David Murray In-depth Biography
Initially an inheritor of an abstract/expressionist improvising style originated in the '60s by such saxophonists as Albert Ayler and Archie Shepp, David Murray eventually evolved into something of a mainstream tenorist, playing standards with conventional rhythm sections. However, Murray's readings of the old chestnuts are vastly different from interpretations by bebop saxophonists of his generation. Murray's sound is deep, dark, and furry with a wide vibrato -- reminiscent of such swing-era tenorists as Ben Webster and Coleman Hawkins. And his approach to chord changes is unique. Although it's apparent that he's well-versed in harmony, Murray seldom adheres faithfully to the structure of a tune. He's adapted the expressive techniques of his former free jazz self (slurred glissandi, indefinite pitches, ambiguous rhythms, and altissimo flights) to his straight-ahead playing, with good results. He'll plow right through a composition like "Round Midnight," hitting just enough roots, thirds, fifths, and sevenths to define the given harmonies, then filling every other available space with non-chord tones that may or may not resolve properly. In other words, he plays the wrong notes, in the same way that Eric Dolphy played the wrong notes. Like Dolphy, Murray makes it work by dint of an unwavering conviction. The sheer audacity of his concept, the passionate fury of his attack, and the spontaneity of his lines -- in other words, the manifest success of his aesthetic -- make questions of right and wrong irrelevant.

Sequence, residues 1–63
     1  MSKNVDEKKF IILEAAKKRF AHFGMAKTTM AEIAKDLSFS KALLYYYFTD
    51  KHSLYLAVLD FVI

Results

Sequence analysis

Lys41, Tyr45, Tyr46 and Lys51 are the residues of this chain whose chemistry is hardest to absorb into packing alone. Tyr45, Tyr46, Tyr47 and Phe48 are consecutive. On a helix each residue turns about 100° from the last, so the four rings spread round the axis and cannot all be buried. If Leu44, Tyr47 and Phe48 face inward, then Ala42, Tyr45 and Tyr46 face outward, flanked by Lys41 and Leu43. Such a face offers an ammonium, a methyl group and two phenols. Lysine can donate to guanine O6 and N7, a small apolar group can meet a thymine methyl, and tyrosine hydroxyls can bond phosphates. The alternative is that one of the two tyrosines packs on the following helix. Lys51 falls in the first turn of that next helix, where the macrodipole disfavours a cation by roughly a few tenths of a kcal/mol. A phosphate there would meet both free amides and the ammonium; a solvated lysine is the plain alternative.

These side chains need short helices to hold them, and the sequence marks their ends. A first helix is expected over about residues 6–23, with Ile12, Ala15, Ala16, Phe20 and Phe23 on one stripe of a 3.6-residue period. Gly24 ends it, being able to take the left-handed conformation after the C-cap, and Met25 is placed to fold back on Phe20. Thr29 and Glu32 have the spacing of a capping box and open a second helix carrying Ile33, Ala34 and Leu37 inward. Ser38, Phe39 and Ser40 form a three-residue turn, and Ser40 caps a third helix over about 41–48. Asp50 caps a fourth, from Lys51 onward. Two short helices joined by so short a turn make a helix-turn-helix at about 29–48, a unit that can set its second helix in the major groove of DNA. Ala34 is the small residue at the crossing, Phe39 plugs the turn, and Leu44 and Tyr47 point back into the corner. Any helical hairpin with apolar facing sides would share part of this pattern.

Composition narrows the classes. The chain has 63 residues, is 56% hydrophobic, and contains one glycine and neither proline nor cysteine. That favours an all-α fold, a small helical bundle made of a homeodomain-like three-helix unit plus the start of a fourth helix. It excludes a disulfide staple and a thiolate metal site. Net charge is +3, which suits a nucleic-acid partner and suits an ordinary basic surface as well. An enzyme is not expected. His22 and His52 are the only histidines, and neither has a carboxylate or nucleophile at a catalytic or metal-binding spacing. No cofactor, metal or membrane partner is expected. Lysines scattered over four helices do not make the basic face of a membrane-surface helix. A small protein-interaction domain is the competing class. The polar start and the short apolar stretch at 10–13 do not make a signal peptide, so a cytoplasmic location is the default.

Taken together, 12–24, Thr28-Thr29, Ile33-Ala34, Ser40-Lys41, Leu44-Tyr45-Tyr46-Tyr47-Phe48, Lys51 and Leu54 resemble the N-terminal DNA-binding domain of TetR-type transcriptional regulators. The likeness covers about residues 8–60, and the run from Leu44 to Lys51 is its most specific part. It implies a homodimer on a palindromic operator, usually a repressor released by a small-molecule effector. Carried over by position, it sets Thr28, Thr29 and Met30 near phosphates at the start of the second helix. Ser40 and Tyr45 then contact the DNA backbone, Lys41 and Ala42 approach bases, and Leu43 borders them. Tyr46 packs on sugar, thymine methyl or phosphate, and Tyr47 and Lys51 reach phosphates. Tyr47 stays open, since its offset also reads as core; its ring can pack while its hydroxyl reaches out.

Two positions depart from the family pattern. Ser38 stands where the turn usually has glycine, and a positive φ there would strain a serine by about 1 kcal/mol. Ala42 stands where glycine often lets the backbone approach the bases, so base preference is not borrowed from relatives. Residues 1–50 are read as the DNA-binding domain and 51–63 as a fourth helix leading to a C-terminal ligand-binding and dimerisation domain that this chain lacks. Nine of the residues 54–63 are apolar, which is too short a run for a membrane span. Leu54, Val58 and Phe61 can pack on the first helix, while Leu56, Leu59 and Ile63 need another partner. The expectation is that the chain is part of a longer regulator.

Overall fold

Murray's parents were musical; his mother played piano and his father guitar. In his youth, Murray played music in church with his parents and two brothers. He was introduced to jazz while a student in the Berkeley school system, playing alto sax in a school band. When he was 13, he played in a local group called the Notations of Soul. Hearing Sonny Rollins inspired Murray to switch from alto to tenor. He attended Pomona College, where he studied with a former Ornette Coleman sideman, trumpeter Bobby Bradford. Around this time, he was influenced by the writer Stanley Crouch, whom he met at Pomona. Murray moved to New York at the age of 20, during the city's Loft Jazz era -- a time when free jazz found a home in deserted industrial spaces and other undervalued bits of urban real estate below 14th street. Murray and Crouch opened their own loft space, which they called Studio Infinity. Crouch occasionally played drums in Murray's trio with bassist Mark Dresser. In a relatively short time, Murray (with help from his unofficial publicity agent, Crouch) acquired a reputation as a potential great. Murray's early work was exceedingly raw, based as it was on the example of Ayler, who had a penchant for multiphonics, distorted timbres, extremes of volume, and forays into the horn's uppermost reaches and beyond. He made his first albums in 1976, Flowers for Albert (India Navigation) and Low Class Conspiracy (Adelphi), with a rhythm section of bassist Fred Hopkins and drummer Phillip Wilson. Also in 1976, Murray became -- with Julius Hemphill, Oliver Lake, and Hamiet Bluiett -- a founding member of the World Saxophone Quartet. Around this time, Murray was commissioned by theatrical impresario Joseph Papp to assemble a big band, who enjoyed a degree of critical success. Out of the big band came the formation of an octet, who provided him a platform for his increasingly ambitious compositions. In the '80s, Murray performed with the WSQ, his octet, and various small bands, recording mostly for the Italian Black Saint label. His octet records of the time -- though very roughly executed -- showed him to be a talented (if unformed) composer. Murray's recording activity reached nearly absurd levels in the '80s and '90s; probably no contemporary jazz musician has led more dates on more labels. It was in the '80s that Murray began relying more on the standard jazz repertoire, especially in his small ensemble work. As he got older, the wilder elements of that style were toned down or refined. Murray incorporated free jazz gestures into a more fully rounded voice that also drew on the mainstream of the jazz improvising tradition. The influence of his swing- and bop-playing elders became stronger, even as the passionate abandon and spontaneity that marked his early work declined. On the other hand, his attention to the craft of playing the horn increased exponentially. Although he ceased being a pacesetter, Murray became an inimitable stylist. By the time he turned 40, the relative predictability of his soloing style was offset by his increased skills as a composer. In this area, Murray still seemed capable of breaking new ground. ~ Chris Kelsey, Rovi